Our volunteer harvesters

Our first ever volunteer harvesters have arrived, Crispin and Jess, from the UK and USA respectively. They’ve been helping us already, though there is plenty of time, as we have just found out that the mill isn’t opening on the 15th October, but on the 22nd. Hmmmm. Plan for the unexpected.

Preparing for harvest

We’ve been here in central Sicily for over a year, and we’re getting ready for our second harvest. The weather is changing, hot in the sun, but it’s finally cool in the shade. I find it’s only when I reach full cycle with a season, particularly winter, that I realise that I’ve actually been somewhere for while. It’s that going back to school feeling. What’s more, in nigh on 40 years (not quite) I’ve lived in 6 countries, the first 3 had nothing to do with me, my parents moved us. The last 3 have been my choices, and I’ve usually been out of the UK for a year or 2, max 3. Hence changing seasons being meaningful indications of how long I’ve been in a given place, rather than say, which PM is ‘running’ the country, volcanic eruptions, my age….

This time last year, we had no idea, borrowed a couple of nets, and plastic combs on poles. Mimmo turned up with a big stick and showed us how he literally wolloped olives from the tree. Out of our 16 secular trees, he wolloped the only that had actually had a lot of olives. The rest we picked by hand. The 20 year old trees at the top of our field hand a handful of olives in total. We were finished by 130pm, which was lucky as I had baby Rosa on my back, and Elio was with his Great Aunty. 2014 was a bad year, warm winter, wet spring means way too many mosche oleare, the olives’ main pest. An easy year for us as beginners, who I repeat, knew nothing. We put our 50 kg together with said Great Aunt’s 80 kg and even that wasn’t enough to get it milled. Mimmo put ours in with his, and we managed less than 20 litres.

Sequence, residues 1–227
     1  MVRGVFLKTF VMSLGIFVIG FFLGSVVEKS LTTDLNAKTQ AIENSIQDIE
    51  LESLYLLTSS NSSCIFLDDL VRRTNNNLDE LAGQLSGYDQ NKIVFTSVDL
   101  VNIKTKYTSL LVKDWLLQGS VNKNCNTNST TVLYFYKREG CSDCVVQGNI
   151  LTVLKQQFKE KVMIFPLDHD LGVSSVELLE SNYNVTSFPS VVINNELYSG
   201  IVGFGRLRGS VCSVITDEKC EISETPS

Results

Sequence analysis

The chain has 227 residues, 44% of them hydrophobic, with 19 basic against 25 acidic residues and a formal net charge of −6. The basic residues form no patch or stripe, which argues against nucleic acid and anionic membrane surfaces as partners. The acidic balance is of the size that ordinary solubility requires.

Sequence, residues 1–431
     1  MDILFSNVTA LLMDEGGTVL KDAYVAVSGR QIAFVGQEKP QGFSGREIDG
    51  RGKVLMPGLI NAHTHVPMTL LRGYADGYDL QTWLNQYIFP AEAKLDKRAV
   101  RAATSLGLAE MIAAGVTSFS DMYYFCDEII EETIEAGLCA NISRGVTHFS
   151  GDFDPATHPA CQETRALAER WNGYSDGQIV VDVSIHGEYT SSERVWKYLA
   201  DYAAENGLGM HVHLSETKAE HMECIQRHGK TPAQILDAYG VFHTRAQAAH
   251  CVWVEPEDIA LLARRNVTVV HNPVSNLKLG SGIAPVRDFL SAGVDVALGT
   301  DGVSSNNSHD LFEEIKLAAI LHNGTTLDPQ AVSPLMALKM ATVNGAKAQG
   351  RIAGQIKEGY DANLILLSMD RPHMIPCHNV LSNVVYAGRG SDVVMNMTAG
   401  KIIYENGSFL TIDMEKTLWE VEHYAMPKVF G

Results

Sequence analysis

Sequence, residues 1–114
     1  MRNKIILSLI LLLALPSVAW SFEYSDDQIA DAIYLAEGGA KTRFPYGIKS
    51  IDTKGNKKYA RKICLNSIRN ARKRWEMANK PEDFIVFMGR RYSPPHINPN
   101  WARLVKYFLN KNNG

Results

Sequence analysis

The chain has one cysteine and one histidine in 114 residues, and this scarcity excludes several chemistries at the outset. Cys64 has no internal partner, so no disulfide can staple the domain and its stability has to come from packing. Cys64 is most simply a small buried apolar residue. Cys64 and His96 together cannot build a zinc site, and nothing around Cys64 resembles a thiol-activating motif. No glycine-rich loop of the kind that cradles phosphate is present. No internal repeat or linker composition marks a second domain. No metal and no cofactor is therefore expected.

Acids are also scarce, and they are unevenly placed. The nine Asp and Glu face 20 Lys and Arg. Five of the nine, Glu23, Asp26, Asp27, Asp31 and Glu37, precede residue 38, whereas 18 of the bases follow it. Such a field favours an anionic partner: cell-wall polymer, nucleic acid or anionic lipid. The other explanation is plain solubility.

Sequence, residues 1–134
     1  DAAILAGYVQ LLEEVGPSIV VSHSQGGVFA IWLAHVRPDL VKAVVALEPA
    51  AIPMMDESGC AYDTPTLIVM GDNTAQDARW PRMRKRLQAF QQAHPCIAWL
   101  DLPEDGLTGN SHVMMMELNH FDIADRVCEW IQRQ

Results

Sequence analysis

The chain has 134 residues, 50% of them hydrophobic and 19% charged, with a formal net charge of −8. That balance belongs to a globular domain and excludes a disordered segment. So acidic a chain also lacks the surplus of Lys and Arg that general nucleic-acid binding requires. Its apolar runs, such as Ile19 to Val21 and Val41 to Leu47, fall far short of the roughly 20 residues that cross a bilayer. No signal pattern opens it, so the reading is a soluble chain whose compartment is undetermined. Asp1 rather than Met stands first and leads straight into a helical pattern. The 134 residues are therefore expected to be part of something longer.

This year feels different, not least because all of our trees are drooping heavy with bright green olives. But mainly because we feel we know something – we’ve done the olive pruning course, the olive oil tasters course,  spoken to more agronomists than I care to remember, read books, asked a million questions,  bought our crates, 20 no less, and our own nets, invited and are expecting friends from UK to help us. Let’s hope it’s a good year.

Our olives in July

Our olives in July